Hot on the heels of its release on PC and PS4 and Xbox One, Ride 4 is now out for PS5. Developers Milestone have promised a fully immersive experience making full us of the PS5’s controller’s box of tricks. So does it live up to the promises and the hype? Read our Ride 4 review to find out
Ride 4 Review – The Ride of Your Life?
If you have played both the PS4 and PS5 versions of Ride 4 we would love to hear from you in the comments below. Let us know whether you think the PS5 version is truly a step up. You can check out our review of the PC version here.
It is clear from the start that Ride 4 is not for the casual gamer. There is a steep learning curve and there is simply no margin for error. At the start of the game, you are asked to create an avatar. The range of options is a little bit disappointing to be honest. From there you are thrust straight into a time trial. No tutorial, no hand-holding, just a simple race against the clock that needs to be beaten to progress.
It is immediately apparent that Ride 4 will punish you for the slightest mistake. If you stray off the track your lap is invalid and you have to go around again. Slip off the track in the home straight and your next lap is also invalid which is massively frustrating. The game demands perfection and that is the only way you’re going to advance. Assistance is available such as auto-braking however this detracts from the realism somewhat. Enabling assistance also reduces the number of credits you receive and makes the grind even harder. There is a rewind option in races which can be useful. This was of limited assistance to me however as I tended to repeat the same mistakes!
In terms of modes Ride 4 is quite limited. Apart from the extensive career mode, there is only “Race” (split into a single race, time trial and endurance) or “multiplayer”. Career mode is where you will spend most of your time. Starting out in the regional leagues choosing either Europe, Asia or the Americas, you progress to the world league and eventually the Final leagues. It is in the latter that you can become champion of the world. With a mixture of race types and tracks, it does become a bit of grind but there is plenty to get your teeth into.
Online and offline single races feature up to 20 riders. The AI can be a bit wayward and random causing moments of chaos. The same can be said of the AI in career mode too. Endurance mode is one for the strategists as you have to decide a pit stop strategy and make your tyre changes wisely. The game has a day/night cycle and dynamic weather. Racing in the rain is challenging with raindrops collecting on your visor and water pooling on the track making handling tricky. Due to the difficulty level, you will crash a lot. I found the ragdoll physics to be a bit unrealistic with my avatar being able to bounce around quite easily. The bikes aren’t really damaged either which is in contrast to the realism in the rest of the game.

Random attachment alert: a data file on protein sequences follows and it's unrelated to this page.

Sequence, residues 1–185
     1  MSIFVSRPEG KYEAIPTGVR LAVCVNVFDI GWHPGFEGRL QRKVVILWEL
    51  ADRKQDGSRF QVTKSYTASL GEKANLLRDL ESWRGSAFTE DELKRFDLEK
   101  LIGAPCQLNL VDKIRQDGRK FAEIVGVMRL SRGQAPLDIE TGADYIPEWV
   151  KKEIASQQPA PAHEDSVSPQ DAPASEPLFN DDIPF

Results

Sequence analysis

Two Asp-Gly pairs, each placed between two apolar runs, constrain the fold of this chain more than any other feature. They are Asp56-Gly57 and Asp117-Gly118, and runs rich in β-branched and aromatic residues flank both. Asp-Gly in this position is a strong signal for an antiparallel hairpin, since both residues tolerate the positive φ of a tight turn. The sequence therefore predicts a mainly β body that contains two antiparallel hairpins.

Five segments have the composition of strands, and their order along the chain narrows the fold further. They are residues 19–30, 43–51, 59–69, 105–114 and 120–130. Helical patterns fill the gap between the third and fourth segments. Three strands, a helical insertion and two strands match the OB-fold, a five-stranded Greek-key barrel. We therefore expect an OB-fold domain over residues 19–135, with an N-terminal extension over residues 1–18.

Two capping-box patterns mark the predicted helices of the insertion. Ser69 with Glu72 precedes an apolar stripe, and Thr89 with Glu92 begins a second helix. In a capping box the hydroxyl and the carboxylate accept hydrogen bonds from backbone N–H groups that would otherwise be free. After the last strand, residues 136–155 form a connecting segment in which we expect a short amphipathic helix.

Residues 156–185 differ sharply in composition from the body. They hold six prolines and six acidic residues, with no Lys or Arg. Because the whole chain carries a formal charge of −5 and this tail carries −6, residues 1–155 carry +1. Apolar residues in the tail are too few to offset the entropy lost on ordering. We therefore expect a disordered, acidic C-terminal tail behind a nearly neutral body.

The star of the show in Ride 4 is the use of the Dualsense controller. The haptic feedback truly conveys the throbbing engine and the feel of different surfaces. The rain is felt (still can’t explain how the controller does this so well!) and the speaker is used to great effect to emulate the sound of your machine. The adaptive triggers take some mastering as you need to brake hard into corners and really push the throttle to top speed. The combination of these features ramps up the immersion levels of the game to the max.
Graphics & Audio
Running at 60 fps on a 4k TV Ride 4 is visually stunning. The focus of the course is the bikes and they are beautifully rendered down to the last authentic detail. With the ability to set the level of the “speed blur” the game truly does give the feeling of the pure speed and power of each of the 176 officially licensed bikes.
The only graphical problems I encountered were when playing online. This was however due to my slightly temperamental internet connection as opposed to the game itself. Whilst the 30 real-life tracks are faithfully recreated they all appeared a bit lifeless. To be fair the with the speeds you are reaching you are unlikely to notice what the crowd are doing and will be concentrating on hitting the turns and overtaking the opposition.
The audio in Ride 4 truly enhances the experience. The roar of the bikes and the sounds of the different surfaces come through the audio feedback of the controller making it feel like you are truly at the controls of an all-powerful superbike.
There is much in Ride 4 to fully immerse the truly dedicated racing simulation fan with a wealth of bikes to tinker with and an extensive career mode. Once you’ve mastered it there are a wealth of races, time trials and endurance challenges to sink your teeth into. There is a danger of the game becoming a bit “grindy” as new bikes etc, aren’t cheap and the game is quite mean in rewarding credit/XP. The number of bikes, tracks and events along with the numerous add-ons (for real money SIGH) give the game depth and replayability.
Putting aside the stunning visuals and the immersive experience given by the box of tricks in the controller. Ride 4 is not one for the casual gamer. It is obviously a step up from the PS4 version but in terms of gameplay, however, it is more or less the same game. Unforgiving for the casual gamer and with a steep learning curve it is very much a game for the true motorbike racing aficionado /purist.
If you have the interest in the sport and are willing to put the time in then you will be rewarded. The career mode has plenty of options and you can tweak your ride to your heart’s content. Endurance mode caters for the strategists out there and success is rewarding. If you’re not into racing sims then Ride 4 will seem like an expensive tech demo for the Dualsense and due to this is it does not quite deserve full marks. Ride 4 gets the Thumb Culture Gold Award
Disclaimer: A code was received in order to write this review.